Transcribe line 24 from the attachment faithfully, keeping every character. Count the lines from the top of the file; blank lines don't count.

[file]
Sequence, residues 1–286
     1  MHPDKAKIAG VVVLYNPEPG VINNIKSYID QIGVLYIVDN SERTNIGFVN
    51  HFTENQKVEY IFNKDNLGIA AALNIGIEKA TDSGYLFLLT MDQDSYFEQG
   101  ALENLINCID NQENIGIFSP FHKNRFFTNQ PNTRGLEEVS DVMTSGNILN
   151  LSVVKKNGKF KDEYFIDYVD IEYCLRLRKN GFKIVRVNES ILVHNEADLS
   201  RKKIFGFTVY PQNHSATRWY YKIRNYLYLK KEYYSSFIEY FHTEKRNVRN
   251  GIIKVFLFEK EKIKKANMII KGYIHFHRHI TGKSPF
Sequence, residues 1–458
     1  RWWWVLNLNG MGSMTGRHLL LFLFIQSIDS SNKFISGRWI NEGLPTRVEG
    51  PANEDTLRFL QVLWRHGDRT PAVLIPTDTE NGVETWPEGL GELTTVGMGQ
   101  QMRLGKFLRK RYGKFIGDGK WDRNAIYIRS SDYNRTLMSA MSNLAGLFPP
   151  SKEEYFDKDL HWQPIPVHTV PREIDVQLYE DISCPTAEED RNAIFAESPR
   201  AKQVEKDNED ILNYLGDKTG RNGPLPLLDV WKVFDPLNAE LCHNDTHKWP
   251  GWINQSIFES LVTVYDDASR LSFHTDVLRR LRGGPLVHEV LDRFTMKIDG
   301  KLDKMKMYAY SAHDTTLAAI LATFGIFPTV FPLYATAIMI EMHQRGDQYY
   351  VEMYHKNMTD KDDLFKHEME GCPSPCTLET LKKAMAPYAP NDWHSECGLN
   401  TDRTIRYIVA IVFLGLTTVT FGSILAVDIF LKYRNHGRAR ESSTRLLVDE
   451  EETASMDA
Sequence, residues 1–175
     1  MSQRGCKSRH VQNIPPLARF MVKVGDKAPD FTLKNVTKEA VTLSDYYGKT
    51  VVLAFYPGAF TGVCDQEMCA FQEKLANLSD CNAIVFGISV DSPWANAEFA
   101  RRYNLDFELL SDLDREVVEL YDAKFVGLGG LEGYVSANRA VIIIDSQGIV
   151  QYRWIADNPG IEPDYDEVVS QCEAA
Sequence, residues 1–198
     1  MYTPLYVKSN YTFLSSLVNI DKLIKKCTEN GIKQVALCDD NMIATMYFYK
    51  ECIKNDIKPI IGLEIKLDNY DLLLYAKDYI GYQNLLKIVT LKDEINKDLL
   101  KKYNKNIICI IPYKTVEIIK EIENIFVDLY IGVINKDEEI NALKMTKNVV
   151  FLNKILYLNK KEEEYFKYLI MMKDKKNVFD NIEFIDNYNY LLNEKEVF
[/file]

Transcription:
Sequence, residues 1–198